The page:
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Abraham Telling (Bible) Stories to Isaac

Genesis Music and Miracles From the Medieval Mystery Plays. Book and lyrics by A.J. Antoon and Robert Montgomery. Music by Michael Ward. Directed by Mr. Antoon. Choreography by Lynne Taylor-Corbett. ACCORDING to ``The Oxford Companion to the Theatre,'' substantial cycles of medieval religious plays, based on the Bible, have survived from Chester, Coventry, Lincoln, Wakefield, and York.

Such plays have inspired the ``modern adaptation'' presented recently for a brief run at the Public/LuEsther Theater. Entitled, ``Genesis: Music and Miracles From the Medieval Mystery Plays,'' the adaptation was written by A.J. Antoon and Robert Montgomery (book and lyrics) and Michael Ward (music).

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The adapters place ``Genesis'' in the context of stories told by ancient Abraham (Stephen Bogardus), a patriarch for all ages, to his small son Isaac (Braden Danner).

Creation and the thunderous fall of Lucifer (Russ Thacker) from heaven is followed in short order by human creation and the fall of Adam and Eve (Mr. Bogardus and Mary Munger). (Throughout the cycle, Mr. Thacker reappears as the satanic tempter in a series of disguises.)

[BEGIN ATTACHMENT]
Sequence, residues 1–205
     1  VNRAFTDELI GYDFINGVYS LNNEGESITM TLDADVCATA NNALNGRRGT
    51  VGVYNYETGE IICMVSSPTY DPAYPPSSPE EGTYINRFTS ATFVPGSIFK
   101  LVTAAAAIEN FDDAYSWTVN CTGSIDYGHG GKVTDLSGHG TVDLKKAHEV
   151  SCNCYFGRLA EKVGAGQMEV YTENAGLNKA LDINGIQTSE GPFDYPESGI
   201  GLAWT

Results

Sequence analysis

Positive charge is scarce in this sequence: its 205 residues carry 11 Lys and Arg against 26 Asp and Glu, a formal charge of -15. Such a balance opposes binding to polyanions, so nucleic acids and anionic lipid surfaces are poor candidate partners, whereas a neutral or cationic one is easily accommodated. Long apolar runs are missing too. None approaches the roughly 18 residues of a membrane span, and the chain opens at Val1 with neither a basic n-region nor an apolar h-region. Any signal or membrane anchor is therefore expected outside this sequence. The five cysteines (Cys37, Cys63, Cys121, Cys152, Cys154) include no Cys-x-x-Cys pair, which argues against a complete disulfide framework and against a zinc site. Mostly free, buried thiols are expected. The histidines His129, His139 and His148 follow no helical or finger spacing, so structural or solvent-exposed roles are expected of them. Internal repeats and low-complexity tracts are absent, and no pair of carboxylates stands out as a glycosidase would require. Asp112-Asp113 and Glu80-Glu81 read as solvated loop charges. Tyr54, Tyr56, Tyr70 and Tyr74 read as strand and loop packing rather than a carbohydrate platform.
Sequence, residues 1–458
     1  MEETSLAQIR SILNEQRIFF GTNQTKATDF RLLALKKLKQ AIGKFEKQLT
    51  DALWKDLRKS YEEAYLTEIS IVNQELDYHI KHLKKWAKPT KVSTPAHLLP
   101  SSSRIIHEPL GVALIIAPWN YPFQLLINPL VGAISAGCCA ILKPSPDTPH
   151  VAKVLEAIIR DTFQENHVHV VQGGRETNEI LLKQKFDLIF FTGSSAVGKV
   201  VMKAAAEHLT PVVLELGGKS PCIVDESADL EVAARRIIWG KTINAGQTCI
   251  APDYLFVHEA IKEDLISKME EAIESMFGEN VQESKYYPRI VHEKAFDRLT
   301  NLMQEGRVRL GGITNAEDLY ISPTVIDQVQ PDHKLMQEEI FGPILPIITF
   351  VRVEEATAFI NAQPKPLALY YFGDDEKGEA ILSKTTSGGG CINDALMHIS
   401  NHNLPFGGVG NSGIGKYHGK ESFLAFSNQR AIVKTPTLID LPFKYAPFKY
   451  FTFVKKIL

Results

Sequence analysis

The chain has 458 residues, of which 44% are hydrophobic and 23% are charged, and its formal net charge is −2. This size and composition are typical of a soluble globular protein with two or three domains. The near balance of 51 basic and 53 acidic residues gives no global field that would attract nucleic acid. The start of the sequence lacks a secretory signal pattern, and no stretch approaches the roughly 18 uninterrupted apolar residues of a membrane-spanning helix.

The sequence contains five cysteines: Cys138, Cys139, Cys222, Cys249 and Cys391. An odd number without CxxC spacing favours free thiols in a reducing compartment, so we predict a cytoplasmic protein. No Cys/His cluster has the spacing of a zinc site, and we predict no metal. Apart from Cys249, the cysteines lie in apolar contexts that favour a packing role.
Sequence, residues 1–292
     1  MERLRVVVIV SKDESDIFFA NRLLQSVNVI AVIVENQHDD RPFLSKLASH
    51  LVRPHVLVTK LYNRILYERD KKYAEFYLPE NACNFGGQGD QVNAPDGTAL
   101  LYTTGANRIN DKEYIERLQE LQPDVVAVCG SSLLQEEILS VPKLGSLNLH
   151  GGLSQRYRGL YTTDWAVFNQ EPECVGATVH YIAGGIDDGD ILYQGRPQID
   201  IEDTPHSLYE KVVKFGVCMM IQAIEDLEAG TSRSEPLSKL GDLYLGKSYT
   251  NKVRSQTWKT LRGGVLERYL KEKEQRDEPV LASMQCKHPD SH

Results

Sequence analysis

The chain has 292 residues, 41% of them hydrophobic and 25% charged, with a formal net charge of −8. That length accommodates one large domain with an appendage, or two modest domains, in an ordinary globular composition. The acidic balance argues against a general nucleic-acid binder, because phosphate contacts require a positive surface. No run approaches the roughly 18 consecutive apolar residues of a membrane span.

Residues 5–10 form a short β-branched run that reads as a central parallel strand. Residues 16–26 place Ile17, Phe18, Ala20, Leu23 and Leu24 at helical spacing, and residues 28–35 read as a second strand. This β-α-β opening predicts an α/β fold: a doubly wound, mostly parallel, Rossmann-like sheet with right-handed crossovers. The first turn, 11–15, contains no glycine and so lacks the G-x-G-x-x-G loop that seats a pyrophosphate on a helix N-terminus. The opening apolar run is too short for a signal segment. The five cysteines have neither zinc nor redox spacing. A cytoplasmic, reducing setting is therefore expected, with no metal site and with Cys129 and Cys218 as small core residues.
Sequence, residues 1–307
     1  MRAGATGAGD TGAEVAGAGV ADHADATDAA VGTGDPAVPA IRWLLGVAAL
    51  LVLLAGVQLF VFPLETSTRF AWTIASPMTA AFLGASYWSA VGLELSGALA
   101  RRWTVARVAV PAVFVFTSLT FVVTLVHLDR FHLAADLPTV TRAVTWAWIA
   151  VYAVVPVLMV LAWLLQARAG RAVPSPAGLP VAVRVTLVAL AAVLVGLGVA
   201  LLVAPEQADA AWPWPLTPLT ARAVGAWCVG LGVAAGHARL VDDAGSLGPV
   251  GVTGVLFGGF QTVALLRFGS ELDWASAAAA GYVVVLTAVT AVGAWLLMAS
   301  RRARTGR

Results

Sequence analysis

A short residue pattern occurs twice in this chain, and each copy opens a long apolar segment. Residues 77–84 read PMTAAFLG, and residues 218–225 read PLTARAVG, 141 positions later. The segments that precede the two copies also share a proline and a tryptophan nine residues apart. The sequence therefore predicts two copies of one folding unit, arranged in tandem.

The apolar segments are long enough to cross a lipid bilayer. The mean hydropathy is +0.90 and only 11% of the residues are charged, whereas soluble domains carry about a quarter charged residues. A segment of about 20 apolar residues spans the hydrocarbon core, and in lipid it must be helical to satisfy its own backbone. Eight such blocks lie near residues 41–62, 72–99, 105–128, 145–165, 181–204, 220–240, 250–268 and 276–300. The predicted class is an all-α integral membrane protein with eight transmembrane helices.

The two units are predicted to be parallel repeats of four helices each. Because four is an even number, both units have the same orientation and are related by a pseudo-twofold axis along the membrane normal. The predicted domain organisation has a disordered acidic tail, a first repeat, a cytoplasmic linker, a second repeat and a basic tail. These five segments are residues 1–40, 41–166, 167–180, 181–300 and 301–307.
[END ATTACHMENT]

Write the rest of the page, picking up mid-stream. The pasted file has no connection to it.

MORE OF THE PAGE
A sneering, coarse-mouthed Cain (David Patrick Kelly) quarrels with and slays his gentle brother Abel (Bill Christopher-Myers). In one of the production's liveliest sequences, Noah (Mr. Bogardus) challenges scoffers and his shrewishly stubborn wife (Miss Munger) to build the ark and set sail for survival. The assembling of the prefabricated vessel and the loading of the animals has been amusingly choreographed by Lynne Taylor-Corbett. Thereafter, the spectacle of a tiny, tempest-tossed ark holding its course amid the billows is one of the better illusions created by designer John Conklin (scenery and costumes) and Jan Kroeze (lighting).

``Genesis'' returns at last to Abraham and Isaac and the patriarch's climactic rejection of human sacrifice. The adaptation ends on a note of hope, if not triumph, as a human procession moves forward on what Antoon and Montgomery call ``a journey from childhood to old age, through landscapes that evolve from the beginning of time to the threshold of our own century.''

With its simple, rhyming text and conductor-keyboardist Michael Ward's strongly rhythmic score, ``Genesis'' held generally true to its inspiration. The prevailing tone mingled naivet'e and latter-day sophistication. God, for instance, was given both a masculine and feminine offstage voice.

Under Mr. Antoon's direction, the concept was grasped by the large and versatile cast, most of whose members played more than one role. Mr. Conklin's costumes, from Biblical to latter-day, made a strong contribution to the visual imagery.

The collaborative cycle ran for slightly more than 90 minutes and was performed without intermission.

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